by Ann T. Bowling PhD
Offspring resemble their parents to varying degrees, but the proportional genetic contribution of each parent is constant: half the genes of an offspring come from he the sire and half from the dam. A relatedness coefficient of 50% or 0.5 is assigned to the parent-offspring relationship.
Full siblings on average share 50% of their genes, based on the likelihood that 25% of the time they will have received the same genes from their dam and 25% of the time they will have received the same genes from their sire. It is possible, with a very small likelihood, that full siblings may have either no genes in common or all genes in common. The random assortment of chromosomes during gamete formation means that we cannot predict the exact proportion of genes that any two full siblings have in common; we can only provide an average value for full siblings as a group. In practical terms, stallion advertisements to the contrary, one cannot assume that a full brother to a proven sire will be an equally successful breeding horse.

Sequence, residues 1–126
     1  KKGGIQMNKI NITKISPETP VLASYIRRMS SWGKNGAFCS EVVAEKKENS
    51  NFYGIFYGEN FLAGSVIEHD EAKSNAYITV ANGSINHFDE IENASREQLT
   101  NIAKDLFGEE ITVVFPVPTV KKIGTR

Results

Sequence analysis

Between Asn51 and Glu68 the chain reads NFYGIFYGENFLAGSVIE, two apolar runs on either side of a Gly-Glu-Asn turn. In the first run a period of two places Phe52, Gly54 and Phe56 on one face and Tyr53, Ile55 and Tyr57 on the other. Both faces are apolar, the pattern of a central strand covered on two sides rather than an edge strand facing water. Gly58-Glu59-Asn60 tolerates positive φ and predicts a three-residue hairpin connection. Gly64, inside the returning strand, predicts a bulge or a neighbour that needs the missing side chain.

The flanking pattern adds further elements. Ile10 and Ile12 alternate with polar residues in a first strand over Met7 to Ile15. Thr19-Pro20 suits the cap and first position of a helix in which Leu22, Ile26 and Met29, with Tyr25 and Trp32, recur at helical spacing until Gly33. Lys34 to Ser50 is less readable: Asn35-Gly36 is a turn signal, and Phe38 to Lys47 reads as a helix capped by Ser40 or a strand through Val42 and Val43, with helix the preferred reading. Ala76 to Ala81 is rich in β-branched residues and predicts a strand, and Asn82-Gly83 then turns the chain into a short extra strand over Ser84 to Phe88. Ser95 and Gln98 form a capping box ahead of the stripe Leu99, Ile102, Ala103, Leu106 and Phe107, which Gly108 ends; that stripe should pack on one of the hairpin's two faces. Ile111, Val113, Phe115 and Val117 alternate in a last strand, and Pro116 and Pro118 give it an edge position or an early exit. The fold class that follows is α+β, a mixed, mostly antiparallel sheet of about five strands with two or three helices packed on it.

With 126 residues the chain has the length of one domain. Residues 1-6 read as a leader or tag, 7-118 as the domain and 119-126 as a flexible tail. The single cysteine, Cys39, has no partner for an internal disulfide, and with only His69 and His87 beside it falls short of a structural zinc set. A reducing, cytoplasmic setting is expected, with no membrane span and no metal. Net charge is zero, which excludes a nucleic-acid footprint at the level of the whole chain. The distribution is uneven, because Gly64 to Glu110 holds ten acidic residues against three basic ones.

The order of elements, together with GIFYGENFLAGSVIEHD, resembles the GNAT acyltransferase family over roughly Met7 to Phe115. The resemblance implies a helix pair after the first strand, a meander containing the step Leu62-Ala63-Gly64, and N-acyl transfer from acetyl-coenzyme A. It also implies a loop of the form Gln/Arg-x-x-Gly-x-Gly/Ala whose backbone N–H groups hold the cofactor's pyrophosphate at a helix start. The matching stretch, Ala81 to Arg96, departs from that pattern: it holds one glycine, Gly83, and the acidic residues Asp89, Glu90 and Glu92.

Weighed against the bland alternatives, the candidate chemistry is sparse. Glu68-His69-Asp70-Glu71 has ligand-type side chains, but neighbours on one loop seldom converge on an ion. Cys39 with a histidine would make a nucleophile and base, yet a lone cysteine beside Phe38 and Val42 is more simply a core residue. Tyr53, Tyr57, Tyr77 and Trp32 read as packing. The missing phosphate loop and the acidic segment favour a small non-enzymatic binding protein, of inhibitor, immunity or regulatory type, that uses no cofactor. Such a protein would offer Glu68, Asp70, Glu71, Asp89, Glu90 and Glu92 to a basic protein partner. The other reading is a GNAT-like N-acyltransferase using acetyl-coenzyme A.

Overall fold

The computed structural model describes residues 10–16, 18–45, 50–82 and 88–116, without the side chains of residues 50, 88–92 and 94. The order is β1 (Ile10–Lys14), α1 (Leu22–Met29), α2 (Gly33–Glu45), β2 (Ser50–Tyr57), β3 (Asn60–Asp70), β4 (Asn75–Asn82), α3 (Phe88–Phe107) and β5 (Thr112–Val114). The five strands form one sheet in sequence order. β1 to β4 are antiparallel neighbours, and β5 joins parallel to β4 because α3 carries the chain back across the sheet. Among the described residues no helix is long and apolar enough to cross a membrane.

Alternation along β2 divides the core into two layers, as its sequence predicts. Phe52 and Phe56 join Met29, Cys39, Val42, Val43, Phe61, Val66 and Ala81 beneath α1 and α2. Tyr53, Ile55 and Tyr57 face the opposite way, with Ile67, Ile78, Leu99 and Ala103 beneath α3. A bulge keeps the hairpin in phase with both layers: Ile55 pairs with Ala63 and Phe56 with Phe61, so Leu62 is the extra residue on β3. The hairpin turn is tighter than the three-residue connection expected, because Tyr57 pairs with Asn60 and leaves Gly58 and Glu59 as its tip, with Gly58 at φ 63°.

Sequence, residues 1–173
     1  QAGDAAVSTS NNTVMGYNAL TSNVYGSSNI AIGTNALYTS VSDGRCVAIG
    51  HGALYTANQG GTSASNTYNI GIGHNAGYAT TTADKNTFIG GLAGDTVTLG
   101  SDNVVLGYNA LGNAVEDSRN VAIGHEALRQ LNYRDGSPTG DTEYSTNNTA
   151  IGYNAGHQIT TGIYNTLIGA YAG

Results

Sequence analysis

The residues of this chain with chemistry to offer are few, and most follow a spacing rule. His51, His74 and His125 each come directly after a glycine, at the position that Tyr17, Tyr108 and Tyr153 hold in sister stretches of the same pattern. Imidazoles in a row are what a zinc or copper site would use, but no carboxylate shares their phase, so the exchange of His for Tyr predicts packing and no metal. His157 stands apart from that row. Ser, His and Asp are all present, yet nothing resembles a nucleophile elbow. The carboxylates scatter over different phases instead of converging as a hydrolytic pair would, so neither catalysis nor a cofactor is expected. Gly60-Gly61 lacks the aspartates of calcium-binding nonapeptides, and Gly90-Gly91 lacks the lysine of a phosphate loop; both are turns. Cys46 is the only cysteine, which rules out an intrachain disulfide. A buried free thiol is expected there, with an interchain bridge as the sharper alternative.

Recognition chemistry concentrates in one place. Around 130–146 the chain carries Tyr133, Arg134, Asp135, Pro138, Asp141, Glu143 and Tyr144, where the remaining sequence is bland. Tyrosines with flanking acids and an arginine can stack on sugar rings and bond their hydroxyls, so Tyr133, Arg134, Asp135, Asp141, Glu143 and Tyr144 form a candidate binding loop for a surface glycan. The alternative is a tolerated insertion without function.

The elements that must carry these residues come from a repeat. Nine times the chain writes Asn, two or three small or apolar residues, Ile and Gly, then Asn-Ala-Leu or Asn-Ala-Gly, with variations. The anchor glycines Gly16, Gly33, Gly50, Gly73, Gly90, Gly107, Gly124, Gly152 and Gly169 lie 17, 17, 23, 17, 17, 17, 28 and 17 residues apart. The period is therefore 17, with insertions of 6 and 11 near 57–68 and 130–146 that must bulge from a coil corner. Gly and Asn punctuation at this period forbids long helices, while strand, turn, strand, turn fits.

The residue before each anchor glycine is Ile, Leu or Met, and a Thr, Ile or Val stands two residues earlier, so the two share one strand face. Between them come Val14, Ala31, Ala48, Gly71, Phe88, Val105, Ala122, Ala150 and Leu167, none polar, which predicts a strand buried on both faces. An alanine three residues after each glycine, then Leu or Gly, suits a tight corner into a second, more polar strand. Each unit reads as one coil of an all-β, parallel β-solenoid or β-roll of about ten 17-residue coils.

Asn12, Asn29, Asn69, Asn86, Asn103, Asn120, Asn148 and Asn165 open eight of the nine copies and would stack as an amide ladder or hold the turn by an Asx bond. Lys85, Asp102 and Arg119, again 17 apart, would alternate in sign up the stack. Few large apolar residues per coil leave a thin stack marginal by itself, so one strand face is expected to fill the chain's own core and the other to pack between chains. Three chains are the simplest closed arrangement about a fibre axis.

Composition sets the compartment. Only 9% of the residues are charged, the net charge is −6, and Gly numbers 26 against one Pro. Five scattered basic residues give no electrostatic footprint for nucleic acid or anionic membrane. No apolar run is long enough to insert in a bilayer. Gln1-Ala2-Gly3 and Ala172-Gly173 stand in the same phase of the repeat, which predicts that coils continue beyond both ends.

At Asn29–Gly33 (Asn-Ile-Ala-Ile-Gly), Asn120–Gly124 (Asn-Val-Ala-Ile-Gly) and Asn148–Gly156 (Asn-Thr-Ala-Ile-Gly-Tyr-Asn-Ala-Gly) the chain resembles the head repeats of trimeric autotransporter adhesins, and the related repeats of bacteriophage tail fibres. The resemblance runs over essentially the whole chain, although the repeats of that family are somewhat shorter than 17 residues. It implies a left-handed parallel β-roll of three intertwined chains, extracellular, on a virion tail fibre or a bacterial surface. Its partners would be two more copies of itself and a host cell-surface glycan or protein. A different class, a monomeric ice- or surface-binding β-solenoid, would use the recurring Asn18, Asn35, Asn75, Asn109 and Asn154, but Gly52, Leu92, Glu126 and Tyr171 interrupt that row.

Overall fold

Half-siblings on average share 25% of their genes, and first cousins share 12.5%. More complicated relationships can easily be calculated. In the simplest of pedigrees evaluations, breeders may talk of "percentage of blood." Of course blood is not the vehicle of inheritance, but is used in this context to imply genetic traits. These calculations provide the most probable proportion by source for an individual's genes by summing the relatedness coefficients for every occurrence of a particular ancestor in a pedigree. The relatedness decreases by half with each succeeding generation (Figure 1). The sum is not an exact proportion, but a statement of the most likely percentage. It is always possible that the true genetic proportion in common could be larger or smaller than that calculated as a relatedness coefficient.